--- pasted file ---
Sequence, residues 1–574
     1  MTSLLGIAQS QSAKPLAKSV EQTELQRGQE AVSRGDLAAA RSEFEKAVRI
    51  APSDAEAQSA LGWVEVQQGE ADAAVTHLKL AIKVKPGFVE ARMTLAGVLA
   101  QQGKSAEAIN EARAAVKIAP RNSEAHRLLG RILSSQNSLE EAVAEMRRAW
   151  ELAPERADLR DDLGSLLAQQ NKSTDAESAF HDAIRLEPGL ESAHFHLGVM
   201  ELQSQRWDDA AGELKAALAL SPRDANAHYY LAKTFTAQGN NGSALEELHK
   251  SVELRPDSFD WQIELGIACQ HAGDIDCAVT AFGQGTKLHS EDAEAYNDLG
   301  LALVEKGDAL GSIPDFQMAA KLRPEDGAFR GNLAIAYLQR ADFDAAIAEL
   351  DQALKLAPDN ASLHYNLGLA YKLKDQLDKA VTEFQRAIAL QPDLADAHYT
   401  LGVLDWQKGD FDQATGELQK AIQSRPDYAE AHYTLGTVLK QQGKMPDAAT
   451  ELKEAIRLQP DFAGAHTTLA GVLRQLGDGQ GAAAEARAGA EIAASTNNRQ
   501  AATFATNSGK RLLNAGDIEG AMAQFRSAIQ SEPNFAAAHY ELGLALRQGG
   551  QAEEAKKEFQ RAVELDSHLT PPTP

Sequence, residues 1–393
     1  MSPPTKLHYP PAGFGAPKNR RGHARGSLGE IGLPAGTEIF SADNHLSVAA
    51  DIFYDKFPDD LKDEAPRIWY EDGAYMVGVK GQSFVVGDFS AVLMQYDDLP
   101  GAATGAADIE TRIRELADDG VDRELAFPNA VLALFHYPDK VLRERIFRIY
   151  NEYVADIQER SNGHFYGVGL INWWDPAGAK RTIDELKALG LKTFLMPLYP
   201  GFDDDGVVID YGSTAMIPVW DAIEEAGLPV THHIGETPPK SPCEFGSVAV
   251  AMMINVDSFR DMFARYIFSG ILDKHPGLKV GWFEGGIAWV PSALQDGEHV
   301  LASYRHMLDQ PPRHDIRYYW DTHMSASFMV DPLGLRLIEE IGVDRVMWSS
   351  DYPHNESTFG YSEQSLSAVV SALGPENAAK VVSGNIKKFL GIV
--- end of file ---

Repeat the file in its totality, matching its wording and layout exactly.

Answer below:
Sequence, residues 1–574
     1  MTSLLGIAQS QSAKPLAKSV EQTELQRGQE AVSRGDLAAA RSEFEKAVRI
    51  APSDAEAQSA LGWVEVQQGE ADAAVTHLKL AIKVKPGFVE ARMTLAGVLA
   101  QQGKSAEAIN EARAAVKIAP RNSEAHRLLG RILSSQNSLE EAVAEMRRAW
   151  ELAPERADLR DDLGSLLAQQ NKSTDAESAF HDAIRLEPGL ESAHFHLGVM
   201  ELQSQRWDDA AGELKAALAL SPRDANAHYY LAKTFTAQGN NGSALEELHK
   251  SVELRPDSFD WQIELGIACQ HAGDIDCAVT AFGQGTKLHS EDAEAYNDLG
   301  LALVEKGDAL GSIPDFQMAA KLRPEDGAFR GNLAIAYLQR ADFDAAIAEL
   351  DQALKLAPDN ASLHYNLGLA YKLKDQLDKA VTEFQRAIAL QPDLADAHYT
   401  LGVLDWQKGD FDQATGELQK AIQSRPDYAE AHYTLGTVLK QQGKMPDAAT
   451  ELKEAIRLQP DFAGAHTTLA GVLRQLGDGQ GAAAEARAGA EIAASTNNRQ
   501  AATFATNSGK RLLNAGDIEG AMAQFRSAIQ SEPNFAAAHY ELGLALRQGG
   551  QAEEAKKEFQ RAVELDSHLT PPTP

Sequence, residues 1–393
     1  MSPPTKLHYP PAGFGAPKNR RGHARGSLGE IGLPAGTEIF SADNHLSVAA
    51  DIFYDKFPDD LKDEAPRIWY EDGAYMVGVK GQSFVVGDFS AVLMQYDDLP
   101  GAATGAADIE TRIRELADDG VDRELAFPNA VLALFHYPDK VLRERIFRIY
   151  NEYVADIQER SNGHFYGVGL INWWDPAGAK RTIDELKALG LKTFLMPLYP
   201  GFDDDGVVID YGSTAMIPVW DAIEEAGLPV THHIGETPPK SPCEFGSVAV
   251  AMMINVDSFR DMFARYIFSG ILDKHPGLKV GWFEGGIAWV PSALQDGEHV
   301  LASYRHMLDQ PPRHDIRYYW DTHMSASFMV DPLGLRLIEE IGVDRVMWSS
   351  DYPHNESTFG YSEQSLSAVV SALGPENAAK VVSGNIKKFL GIV